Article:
Speaking about the decision to revise the OMFV programme Coffman said: “Bottom line is we made a decision as an army to not cancel the programme, but start anew, and it’s different. Army Futures Command is committed to doing things differently.

“We’ve spent a lot of money in 15 years to get to the point of the decision we made last week. We want to do things differently. We don’t want to continue pouring money down a hole only to find out on the backside that we’re not getting what we want for our soldiers.”

Coffman went on to say: “So for very little money and very little time, the army senior leadership made a decision to stop, go back, and relook from top to bottom the requirements, acquisition strategy, timing, money, and start anew.”

The aim of the contract now is to return a healthy level of competition to ensure that a workable, affordable solution is delivered that meets the yet-to-be-decided new requirements for the vehicle.

The ultimate goal is to deliver an optionally-manned vehicle – controlled either by a human operator or remotely – to manoeuvre dismounted infantry across the battlefield to, as Coffman described it, deliver ‘fresh legs’ to the fight.

The US Army aims for the selected vehicle to be able to maintain pace with the Abrams tank and have the firepower to engage and destroy adversaries IFVs and tanks.

Robotic Combat Vehicle updates

The medium-weight Robotic Combat Vehicle is based on Textron’s Ripsaw M5. Credits: Textron.

The RCV programme aims to deliver robotic vehicles to the US Army in three different weight categories; light, which is around five to seven tonnes, medium at around ten tonnes, and heavy which will be up to 20 tonnes. Throughout all the variants the Army wants the vehicles to be payload-agnostic, giving them the capability to carry a range of different mission packages depending on the environment they face.

The army recently awarded contracts to Textron and QinetiQ to build four RCVs respectively. So far the awarded contracts cover the light and medium weight categories; the first lot of platforms will be used to inform and develop how to conduct operations with the assistance of robots at a company level and then transfer the lessons learned into concepts to employ at a brigade size.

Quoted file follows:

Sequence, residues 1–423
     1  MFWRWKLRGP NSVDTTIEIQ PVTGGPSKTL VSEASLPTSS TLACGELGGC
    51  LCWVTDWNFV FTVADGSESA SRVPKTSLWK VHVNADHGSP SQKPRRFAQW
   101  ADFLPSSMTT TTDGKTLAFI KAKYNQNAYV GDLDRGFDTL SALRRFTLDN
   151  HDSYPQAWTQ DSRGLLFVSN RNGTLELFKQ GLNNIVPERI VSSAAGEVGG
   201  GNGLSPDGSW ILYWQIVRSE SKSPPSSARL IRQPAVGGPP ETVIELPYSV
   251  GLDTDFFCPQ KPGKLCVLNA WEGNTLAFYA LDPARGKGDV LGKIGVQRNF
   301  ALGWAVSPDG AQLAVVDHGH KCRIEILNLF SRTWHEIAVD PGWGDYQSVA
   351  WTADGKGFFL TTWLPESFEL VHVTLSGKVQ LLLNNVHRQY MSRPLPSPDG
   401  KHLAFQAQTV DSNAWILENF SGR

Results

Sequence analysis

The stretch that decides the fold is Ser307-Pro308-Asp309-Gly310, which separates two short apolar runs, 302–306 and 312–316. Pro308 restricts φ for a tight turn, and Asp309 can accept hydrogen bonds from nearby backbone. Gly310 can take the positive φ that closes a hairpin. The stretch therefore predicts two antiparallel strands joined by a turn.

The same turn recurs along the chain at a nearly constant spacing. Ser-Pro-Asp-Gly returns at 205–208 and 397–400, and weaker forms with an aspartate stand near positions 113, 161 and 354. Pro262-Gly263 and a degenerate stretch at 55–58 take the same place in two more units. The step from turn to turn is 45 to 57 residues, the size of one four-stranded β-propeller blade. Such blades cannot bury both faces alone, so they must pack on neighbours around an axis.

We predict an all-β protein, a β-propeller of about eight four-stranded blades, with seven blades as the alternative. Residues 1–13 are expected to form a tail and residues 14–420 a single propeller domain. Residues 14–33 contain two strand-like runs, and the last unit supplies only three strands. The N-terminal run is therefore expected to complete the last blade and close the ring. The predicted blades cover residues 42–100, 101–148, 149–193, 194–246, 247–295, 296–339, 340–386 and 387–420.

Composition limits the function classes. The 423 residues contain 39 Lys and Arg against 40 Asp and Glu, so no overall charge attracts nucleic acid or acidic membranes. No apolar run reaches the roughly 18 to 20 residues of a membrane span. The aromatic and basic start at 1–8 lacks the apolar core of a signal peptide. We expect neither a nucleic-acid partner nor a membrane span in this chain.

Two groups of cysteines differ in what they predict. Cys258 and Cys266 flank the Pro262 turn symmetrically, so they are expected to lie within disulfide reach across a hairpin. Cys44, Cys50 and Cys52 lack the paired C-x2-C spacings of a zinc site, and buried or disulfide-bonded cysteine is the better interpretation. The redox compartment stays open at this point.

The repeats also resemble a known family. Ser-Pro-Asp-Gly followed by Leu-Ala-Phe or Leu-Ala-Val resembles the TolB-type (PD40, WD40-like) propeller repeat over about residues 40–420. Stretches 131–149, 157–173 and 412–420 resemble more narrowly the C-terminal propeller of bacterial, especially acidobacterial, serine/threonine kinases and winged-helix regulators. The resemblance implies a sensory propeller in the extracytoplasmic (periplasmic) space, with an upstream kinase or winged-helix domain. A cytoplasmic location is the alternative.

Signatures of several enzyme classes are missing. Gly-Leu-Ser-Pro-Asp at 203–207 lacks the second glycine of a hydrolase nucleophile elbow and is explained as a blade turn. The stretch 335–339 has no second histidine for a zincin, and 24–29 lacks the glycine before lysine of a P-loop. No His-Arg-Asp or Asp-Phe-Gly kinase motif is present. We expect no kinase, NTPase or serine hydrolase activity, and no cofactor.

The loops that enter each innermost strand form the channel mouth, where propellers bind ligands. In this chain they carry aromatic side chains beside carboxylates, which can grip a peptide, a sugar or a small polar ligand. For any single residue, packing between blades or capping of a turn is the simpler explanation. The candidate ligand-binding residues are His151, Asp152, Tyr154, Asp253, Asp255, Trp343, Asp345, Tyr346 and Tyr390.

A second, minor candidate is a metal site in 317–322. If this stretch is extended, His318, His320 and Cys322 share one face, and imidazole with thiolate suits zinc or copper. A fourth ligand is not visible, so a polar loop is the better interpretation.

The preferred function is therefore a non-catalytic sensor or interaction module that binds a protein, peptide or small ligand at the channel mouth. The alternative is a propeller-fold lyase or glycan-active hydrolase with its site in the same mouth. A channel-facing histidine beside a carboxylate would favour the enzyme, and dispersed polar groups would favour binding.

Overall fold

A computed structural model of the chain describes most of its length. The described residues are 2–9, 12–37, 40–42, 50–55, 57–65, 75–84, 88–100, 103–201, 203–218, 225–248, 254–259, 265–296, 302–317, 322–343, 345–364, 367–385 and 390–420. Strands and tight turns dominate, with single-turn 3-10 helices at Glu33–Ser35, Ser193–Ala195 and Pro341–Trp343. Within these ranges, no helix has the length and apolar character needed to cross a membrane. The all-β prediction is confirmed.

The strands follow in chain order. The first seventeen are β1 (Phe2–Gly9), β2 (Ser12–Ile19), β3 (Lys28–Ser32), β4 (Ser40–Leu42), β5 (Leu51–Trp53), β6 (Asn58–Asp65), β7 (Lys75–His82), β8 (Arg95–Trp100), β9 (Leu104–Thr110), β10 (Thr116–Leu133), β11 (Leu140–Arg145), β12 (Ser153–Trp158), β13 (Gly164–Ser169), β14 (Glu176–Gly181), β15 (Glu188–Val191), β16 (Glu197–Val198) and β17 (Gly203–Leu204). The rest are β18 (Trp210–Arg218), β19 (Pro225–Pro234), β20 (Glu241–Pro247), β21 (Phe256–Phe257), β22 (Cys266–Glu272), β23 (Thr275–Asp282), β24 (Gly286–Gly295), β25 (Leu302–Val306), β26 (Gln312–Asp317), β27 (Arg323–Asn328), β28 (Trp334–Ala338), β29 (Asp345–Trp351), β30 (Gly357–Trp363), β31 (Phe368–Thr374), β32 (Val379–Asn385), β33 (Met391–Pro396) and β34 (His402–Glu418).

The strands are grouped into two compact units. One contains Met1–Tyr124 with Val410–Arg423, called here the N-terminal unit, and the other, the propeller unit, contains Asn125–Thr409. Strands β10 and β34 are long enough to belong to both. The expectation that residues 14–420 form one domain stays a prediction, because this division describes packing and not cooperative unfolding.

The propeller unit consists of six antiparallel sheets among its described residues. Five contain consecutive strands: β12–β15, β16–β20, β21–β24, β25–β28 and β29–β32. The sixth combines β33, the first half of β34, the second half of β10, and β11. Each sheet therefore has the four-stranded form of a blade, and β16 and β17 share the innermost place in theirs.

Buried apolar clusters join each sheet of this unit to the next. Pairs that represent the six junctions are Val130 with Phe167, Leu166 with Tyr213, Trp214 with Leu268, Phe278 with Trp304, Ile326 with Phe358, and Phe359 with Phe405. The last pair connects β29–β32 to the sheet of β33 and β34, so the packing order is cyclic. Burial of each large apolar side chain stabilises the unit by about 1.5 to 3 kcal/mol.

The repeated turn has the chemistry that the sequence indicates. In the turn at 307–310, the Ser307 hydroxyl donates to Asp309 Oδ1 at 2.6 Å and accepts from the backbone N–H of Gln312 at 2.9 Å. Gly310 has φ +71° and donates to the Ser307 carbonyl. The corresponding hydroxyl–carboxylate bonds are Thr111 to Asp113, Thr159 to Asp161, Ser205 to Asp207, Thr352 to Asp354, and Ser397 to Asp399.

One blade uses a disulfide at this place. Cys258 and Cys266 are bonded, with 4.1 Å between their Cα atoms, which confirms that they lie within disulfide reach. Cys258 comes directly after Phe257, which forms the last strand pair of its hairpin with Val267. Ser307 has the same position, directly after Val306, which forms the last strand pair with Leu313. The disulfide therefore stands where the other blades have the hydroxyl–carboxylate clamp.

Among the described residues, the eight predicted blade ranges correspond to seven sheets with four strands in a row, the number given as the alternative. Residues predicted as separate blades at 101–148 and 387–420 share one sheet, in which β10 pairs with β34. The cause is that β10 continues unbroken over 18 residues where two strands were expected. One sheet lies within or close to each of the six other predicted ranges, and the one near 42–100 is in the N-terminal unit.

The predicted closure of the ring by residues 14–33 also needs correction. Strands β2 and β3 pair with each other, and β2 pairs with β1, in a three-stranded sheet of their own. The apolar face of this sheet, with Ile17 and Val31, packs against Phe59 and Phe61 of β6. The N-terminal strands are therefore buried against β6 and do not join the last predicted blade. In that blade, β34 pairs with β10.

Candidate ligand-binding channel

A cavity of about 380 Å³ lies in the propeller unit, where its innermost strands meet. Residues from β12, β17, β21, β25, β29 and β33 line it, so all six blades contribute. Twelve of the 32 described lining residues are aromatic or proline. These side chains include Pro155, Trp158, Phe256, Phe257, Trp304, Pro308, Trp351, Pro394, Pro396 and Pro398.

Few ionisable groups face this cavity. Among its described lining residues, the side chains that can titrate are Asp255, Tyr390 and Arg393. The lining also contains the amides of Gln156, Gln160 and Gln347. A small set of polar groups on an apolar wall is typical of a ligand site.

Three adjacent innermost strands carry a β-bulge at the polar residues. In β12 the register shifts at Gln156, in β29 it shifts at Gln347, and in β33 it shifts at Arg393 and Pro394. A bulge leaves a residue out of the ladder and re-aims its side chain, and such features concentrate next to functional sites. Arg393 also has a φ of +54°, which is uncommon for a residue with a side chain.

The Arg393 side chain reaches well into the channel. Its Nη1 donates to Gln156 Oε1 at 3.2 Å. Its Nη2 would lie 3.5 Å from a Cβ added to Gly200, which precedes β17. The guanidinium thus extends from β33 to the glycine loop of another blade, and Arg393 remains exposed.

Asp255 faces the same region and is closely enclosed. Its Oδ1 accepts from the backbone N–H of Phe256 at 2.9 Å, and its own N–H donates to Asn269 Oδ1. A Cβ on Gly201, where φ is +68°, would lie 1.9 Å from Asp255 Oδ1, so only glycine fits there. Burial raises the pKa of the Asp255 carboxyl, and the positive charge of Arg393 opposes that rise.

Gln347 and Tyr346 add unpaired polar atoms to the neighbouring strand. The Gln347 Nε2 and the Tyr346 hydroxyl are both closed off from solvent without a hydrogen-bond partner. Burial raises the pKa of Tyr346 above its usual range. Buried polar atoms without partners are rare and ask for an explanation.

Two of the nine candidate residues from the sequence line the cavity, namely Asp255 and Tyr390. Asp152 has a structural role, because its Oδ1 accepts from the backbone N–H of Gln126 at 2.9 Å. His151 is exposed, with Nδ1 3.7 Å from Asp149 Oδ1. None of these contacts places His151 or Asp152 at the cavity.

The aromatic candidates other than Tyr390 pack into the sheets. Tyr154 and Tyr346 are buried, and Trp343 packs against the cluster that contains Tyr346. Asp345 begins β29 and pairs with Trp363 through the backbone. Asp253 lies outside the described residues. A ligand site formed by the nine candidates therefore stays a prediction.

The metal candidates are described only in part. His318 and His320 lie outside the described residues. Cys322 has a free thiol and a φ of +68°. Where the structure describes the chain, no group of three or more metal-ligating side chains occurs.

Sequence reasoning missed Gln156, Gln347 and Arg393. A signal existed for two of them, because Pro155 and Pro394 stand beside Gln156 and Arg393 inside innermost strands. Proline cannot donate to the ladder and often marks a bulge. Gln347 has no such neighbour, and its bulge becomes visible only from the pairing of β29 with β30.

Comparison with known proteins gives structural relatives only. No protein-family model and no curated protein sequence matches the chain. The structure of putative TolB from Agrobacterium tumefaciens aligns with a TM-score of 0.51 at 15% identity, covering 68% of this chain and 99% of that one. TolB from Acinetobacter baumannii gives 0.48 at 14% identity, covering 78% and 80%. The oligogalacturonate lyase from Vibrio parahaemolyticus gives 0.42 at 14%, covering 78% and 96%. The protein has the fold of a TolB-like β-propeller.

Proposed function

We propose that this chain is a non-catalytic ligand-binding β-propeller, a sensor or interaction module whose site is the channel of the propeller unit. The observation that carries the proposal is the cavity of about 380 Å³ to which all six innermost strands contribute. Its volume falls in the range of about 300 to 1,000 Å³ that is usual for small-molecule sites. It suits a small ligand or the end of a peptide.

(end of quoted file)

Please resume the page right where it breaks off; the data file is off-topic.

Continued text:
Talking about the vehicles, Coffman said that the army planned to “determine through experimentation” the best way to employ RCVs into the US’s land forces and operations.

Coffman said of the programme: “There’s a lot of discussions today about what will robots do? What can they do on the battlefield? What can they not do? How many people does it take to operate? For me, it’s very simple. The robot may not save you soldiers, but it reduces the risk to the soldiers that we love.

“It reduces risk on the battlefield in those really nasty places like crossing a wet gap crossing, combined arms breach, the lead into a city – reducing that risk”

The idea for the robots is to have them operate several kilometres in front of a vehicle or infantry formation to detect and engage the enemy force before human personnel are engaged. The idea is that if a robot engages first, the risk is reduced and soldiers and manned vehicles have more time to figure out a plan of action when then advancing into contact with the enemy.

Coffman explained this best saying: “We find the riskiest places on Earth, and we put robots there.”